The inevitable had occurred when Italian schlockmaster Fabrizio de Angelis unleashed the 1987 Karate Kid-rehash that was Karate Warrior, starring future Italian heartthrob Kim Rossi Stuart. Both return for this unprecedented sequel, which surprisingly is still cheesy, but offers just a little better in the fight department.

Stuart returns as Anthony Scott, the hero from Karate Warrior. After defeating his nemesis Quino in the Philippines, he has returned to Miami. He remembers Master Kimura’s training and had continued training on his own. However, Anthony is prepared for a new challenge: college. When he is offered a new car from his grandparents, Anthony heads to a new town, and soon, a new challenge.

On his way to his new place to live, Anthony runs afoul of a local gang known as the Tigers. Their leader, Dick Anderson, is much feared and a karate expert. Meanwhile, Anthony finds a new friend in wealthy braniac Luke, who warns Anthony of the Tigers and their use of martial arts to terrorize people. While Anthony tries to confront Dick and the Tigers for damages to his car, he defends himself but refuses to fight.

The reason behind Anthony refusing to fight Dick right away is clear. Before returning to Miami, Anthony made a promise to Master Kimura that he would not use his martial arts skills unless it was in a fair competition in a ring. When Anthony offers to face Dick in a fair competition, Dick accepts but plans to use dirty tactics to get an advantage over Anthony. When his tricks don’t work and Anthony wins, Dick has an ace in the hole. Tigers founder and karate expert Mark Sanders has been released from prison and is paid a sum of money to take on Anthony in a competition.

Where Karate Warrior failed miserably, it seemed to somewhat look a tad bit better in this sequel. While lead actor Kim Rossi Stuart still fails here in the acting category, he works with a more competent stunt team this time around and looks a little better in the martial arts department, even though Stuart is not a real martial artist. It is obvious when one sees this film that there is going to not a drop of Oscar-worthy acting, but rather more some pretty ridiculous acting. What doesn’t help at all is the very atrocious dubbing used for the characters. Perhaps the most ridiculous dubbing comes from the character of love interest Patty, played by future Penthouse Pet Amy Lynn Baxter, in which she is given a Southern belle accent.

As with the previous entry, Master Kimura does return and arrives for the first time in America. This time around, Master Kimura is played by Leon Elalout. While Elalout has a small resemblance to original Kimura actor Ken Watanabe, his foremanner seems reminiscent of Miyagi’s Buddhist monk buddies in The Next Karate Kid (1994). He just doesn’t have that brand of impact that Watanabe’s Kimura had which made the film barely watchable.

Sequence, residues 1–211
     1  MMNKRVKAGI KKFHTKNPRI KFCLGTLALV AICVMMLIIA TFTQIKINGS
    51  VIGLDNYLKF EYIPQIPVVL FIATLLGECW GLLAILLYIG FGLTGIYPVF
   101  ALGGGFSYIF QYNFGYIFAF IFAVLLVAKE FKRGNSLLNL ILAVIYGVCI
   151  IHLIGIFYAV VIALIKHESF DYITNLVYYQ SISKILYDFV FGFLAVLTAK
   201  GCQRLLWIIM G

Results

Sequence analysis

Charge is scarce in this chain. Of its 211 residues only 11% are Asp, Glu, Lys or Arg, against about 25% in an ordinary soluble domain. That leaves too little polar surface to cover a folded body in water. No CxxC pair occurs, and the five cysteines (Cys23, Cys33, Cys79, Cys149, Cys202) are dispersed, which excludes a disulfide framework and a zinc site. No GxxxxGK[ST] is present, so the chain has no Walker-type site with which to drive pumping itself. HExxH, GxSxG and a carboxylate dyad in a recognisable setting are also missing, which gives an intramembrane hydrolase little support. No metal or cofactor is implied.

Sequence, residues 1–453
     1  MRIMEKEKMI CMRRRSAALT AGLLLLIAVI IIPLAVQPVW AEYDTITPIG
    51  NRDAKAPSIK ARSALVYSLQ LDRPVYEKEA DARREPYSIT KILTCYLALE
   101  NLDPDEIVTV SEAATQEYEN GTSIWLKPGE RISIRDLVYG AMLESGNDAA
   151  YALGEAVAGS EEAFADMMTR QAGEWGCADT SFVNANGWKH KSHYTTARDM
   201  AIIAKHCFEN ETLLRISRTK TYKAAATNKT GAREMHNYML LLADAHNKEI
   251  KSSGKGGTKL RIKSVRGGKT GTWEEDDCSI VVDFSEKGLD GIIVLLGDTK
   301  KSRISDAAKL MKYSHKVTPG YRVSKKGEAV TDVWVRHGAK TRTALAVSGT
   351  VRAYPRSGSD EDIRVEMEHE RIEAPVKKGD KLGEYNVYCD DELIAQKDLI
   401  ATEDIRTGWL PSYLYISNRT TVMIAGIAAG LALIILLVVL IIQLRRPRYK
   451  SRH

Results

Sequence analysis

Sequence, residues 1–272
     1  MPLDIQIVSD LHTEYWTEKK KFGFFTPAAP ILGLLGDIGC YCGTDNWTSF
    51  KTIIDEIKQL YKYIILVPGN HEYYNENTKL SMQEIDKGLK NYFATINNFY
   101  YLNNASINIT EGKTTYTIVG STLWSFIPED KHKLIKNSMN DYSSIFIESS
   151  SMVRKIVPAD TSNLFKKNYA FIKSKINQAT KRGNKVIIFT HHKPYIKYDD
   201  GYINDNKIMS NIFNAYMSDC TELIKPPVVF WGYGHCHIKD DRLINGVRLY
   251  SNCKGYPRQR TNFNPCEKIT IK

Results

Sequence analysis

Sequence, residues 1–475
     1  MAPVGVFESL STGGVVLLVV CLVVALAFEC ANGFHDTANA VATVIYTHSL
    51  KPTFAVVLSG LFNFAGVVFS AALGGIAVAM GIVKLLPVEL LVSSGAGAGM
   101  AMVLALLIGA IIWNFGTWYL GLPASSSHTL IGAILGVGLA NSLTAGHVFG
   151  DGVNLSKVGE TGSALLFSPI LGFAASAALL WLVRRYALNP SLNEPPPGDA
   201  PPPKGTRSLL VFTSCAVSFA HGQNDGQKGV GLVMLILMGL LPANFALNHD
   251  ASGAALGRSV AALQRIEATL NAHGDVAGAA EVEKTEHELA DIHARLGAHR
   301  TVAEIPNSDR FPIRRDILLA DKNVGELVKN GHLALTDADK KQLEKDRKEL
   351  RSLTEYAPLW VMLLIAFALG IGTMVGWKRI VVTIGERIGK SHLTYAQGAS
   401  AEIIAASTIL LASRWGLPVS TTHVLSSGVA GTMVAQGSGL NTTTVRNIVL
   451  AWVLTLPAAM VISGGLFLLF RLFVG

While the action scenes from the first film went beyond the utterly unwatchable, especially when it came to the very cheesy effects of the finishing technique, the action in this sequel is slightly better. Perhaps it is the fact that de Angelis gave himself a bigger budget and therefore, was able to shot the film in the United States and get a more competant stunt co-ordinator. Stuntman and martial artist Jeff Moldovan brought the action to a more faster pace and surprisingly makes Stuart look somewhat competent as if reminiscent of James Ryan in Kill or be Killed. Thankfully, there is no cheesy blue-light effect when it comes to the so-called punishing “stroke of the dragon”. The film’s main two bouts featuring Stuart against Christopher Alan and B-movie legend Ted Prior (who would only a year later co-star with Hong Kong legend Carter Wong in the low budgeted Hardcase and Fist) make the first film’s action look like a real bad case of limburger cheese.

Stuart would depart the series after this installment and make a name for himself in the world of Italian television and cinema, obviously improving on his thespian skills. Meanwhile, Fabrizio de Angelis would make four more sequels from 1991 to 1993, with Ron Williams taking over as new “Golden Kimono Boy” Larry Jones.

While it will never compare to anything churning out of Hollywood or Hong Kong during its time era, Karate Warrior 2 is a slightly better effort from Fabrizio de Angelis. While the acting is flat out retched, the action here is surprising a little improved over its predecessor.


A Fulvia Film Ltd. production. Director: Fabrizio de Angelis. Producer: Fabrizio de Angelis. Writers: Fabrizio de Angelis and Dardano Sacchetti. Cinematography: Giorgio Di Battista. Editing: Vicenzo Tomassi.

Cast: Kim Rossi Stuart, Amy Lynn Baxter, Christopher Alan, David Haynes, Bryan Guerreri, Ted Prior, Leon Elalout.